This means that the name of a potential copyright holder has been stamped on the back of the photograph. In addition, many of the photos have been donated to the library with no known copyright information. The Library makes every effort to provide copyright information for the photographs that it owns, including contact information for any individual, business or organization that may own rights to the images. For more information, see Permissions page.

I have a tight deadline. What’s the quickest way to get reproductions sent to me?

Rush orders are available at an additional charge; generally a rush order will double the regular charge. We deliver images using the Library's Hightail account. Print orders can be sent by FedEx to you overnight, if you have a FedEx account.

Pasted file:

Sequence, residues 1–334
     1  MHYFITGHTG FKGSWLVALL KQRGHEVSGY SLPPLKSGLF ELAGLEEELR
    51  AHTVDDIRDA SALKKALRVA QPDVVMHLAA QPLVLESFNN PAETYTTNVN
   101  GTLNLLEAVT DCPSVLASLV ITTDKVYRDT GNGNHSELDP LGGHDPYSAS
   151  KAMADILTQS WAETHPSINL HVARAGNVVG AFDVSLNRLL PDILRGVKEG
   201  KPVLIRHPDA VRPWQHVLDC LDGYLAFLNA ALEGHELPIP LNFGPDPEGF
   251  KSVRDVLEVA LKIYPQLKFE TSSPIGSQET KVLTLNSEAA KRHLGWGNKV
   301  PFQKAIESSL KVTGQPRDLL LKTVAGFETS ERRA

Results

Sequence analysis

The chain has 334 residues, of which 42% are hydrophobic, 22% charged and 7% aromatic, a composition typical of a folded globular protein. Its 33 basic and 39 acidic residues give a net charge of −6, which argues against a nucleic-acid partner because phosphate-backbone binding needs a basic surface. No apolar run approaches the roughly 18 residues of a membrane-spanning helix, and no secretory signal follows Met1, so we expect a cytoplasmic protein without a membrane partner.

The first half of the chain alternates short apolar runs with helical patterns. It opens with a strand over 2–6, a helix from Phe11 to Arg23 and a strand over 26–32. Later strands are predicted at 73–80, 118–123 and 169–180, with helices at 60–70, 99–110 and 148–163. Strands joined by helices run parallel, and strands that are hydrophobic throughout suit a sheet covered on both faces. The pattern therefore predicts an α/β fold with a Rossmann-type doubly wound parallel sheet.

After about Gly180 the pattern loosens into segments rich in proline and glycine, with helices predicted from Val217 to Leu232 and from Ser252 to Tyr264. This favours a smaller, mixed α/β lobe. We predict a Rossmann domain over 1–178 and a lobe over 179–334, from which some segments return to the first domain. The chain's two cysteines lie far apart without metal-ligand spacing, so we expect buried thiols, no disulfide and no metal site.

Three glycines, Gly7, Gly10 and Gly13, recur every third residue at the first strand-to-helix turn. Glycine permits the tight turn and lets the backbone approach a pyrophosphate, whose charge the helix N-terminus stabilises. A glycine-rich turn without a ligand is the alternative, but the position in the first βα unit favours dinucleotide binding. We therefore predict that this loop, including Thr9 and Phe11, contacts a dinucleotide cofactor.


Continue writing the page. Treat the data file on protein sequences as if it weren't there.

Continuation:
How do I pay for my purchase?

Payment is made by a check, money order, cash, wired funds or credit card. At this time the credit card payment option is in-person only at the Main Library.

Can I order online?

No. Payment must accompany the order.

Where does the Library get its photos?

Most of the photos and other forms of visual materials have been donated to the Library by individuals, companies or government agencies.

My question has not been answered here. I would like to talk to someone on the Library staff.

Visit the Photo Desk on the sixth floor of the Main Library located at 100 Larkin Street, Tuesday and Thursday 1 p.m. to 5 p.m. and Saturday 10 a.m. to noon, 1 p.m. to 5 p.m., call the San Francisco History Center, 415-557-4567, or email